Nouwen bookends this chapter by relating his disappointment when a friend of his from New York visited France and neglected to stop by and see him. This resonated deeply with me, but since the most relatable parts are in the final entry, I’ll save that discussion for the end of this post.
One entry in this chapter is entirely about iconography. I do not understand this, nor do I honestly wish to. Dr. W introduced our class to this concept and it felt quite as useless then as it does now.
His discussion of how the attendants cared for their charges was of more interest to me. I wondered, specifically, how a home where care was given in near silence was preferable to one with banter and chatter, cheerful voices ringing through the halls. It sounded almost depressing. I suppose that some silence is a good thing, and to be honest I believe that much of the chatter between caregivers can end up in gossip, but I still shirk from the idea of giving care in complete silence. If someone was caring for me, a few gentle and loving words would go a long way towards making me feel comfortable and at home. There is something to be said, however, for caregivers who can draw strength to do their work from silence and not commiseration. I am grateful, though, that some of my residents can talk, as the lady who said, “Howdy. I like you. You’re purdy.” when I came in this morning made my day better.
I would like to visit L’Oratoire. The imagery of prayers saturating the room, sitting silently allowing them to pray for you, is strangely comforting, given my disillusionment and cynicism about spiritual things. For some reason, I feel like being in a place like that would go a long way towards making one feel that faith is indeed real. Nouwen also writes about the apparent uselessness of prayer. I disagree with him that the first purpose is to be faithful. However, I do believe that the discipline and structure of spending time alone in silence at the beginning of the day is a practice worth developing.
Finally, back to Nouwen’s experience of rejection when his friend was too busy to stop in Trosly. He writes about how he gradually started to let go of the resentment, only to realize he was covering it up with busyness when his friend phoned him to ask about coming later. The depression, as he described it, barely subsided until he got the call from his friend–after which, he writes, “I felt new peace entering into my innermost self and sensed that my depression was slowly dissolving.” He laments that he is in so little control of his emotions that news like this has the ability to swing his internal barometer.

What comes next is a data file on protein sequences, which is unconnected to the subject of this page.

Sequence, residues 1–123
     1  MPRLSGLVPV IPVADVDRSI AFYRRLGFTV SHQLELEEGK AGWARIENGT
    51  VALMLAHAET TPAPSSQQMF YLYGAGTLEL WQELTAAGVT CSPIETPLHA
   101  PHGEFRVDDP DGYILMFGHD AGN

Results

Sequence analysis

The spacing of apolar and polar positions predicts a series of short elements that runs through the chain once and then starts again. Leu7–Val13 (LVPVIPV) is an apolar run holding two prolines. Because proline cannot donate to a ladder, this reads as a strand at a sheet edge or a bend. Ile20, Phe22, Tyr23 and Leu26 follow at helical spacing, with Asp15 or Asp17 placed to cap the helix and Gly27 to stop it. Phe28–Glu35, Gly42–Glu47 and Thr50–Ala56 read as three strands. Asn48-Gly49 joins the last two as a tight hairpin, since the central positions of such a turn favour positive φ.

This experience is one I can completely relate to. In fact, I’ve lamented this tendency of mine–to go up and down with the events of my day in a seemingly uncontrolled roller coaster ride–time and again. I do not know how to completely control it, although I know part of the key lies in developing an internal sense of control instead of relying on my happiness and affirmation to come from others. It is an especially applicable lesson for me to learn today, as I spend several weeks at home. Living in this environment can mash my soul into the ground within hours, and if I do not rely on my value, worth, and truth to come from inside of me and what I know is valuable, worthy, and true, I will quickly become confused and lost, and depression will follow soon after. Nouwen says that “often [he has] to just let [emotions] pass through [him] and hope that they won’t hang around too long.” This seems to be the epitome of a life that is less ruled by emotions than mine–the ability to acknowledge them, trust that they will pass, and accept them and their departure quietly and peacefully. It’s a skill I need to cultivate, because “the deepest pains are always hidden in the smallest corners,” and I know there will always be small corners and cracks in my soul.